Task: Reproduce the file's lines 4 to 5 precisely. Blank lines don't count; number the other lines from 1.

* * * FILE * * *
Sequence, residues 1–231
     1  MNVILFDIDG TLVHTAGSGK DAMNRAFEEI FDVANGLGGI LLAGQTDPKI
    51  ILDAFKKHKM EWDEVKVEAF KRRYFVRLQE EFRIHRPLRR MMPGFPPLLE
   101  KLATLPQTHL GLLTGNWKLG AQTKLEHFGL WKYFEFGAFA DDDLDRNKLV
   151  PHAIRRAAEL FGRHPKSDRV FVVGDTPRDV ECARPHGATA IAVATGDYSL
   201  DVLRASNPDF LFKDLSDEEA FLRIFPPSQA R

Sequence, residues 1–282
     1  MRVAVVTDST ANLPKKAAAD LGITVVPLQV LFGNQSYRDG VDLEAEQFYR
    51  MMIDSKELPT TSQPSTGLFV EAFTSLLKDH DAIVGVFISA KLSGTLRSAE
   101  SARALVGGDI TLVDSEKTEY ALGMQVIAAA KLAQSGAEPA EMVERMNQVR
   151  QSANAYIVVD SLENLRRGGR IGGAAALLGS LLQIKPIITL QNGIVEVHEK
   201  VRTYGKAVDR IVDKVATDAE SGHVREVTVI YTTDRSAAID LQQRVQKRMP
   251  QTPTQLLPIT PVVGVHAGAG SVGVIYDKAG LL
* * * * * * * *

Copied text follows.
   101  KLATLPQTHL GLLTGNWKLG AQTKLEHFGL WKYFEFGAFA DDDLDRNKLV
   151  PHAIRRAAEL FGRHPKSDRV FVVGDTPRDV ECARPHGATA IAVATGDYSL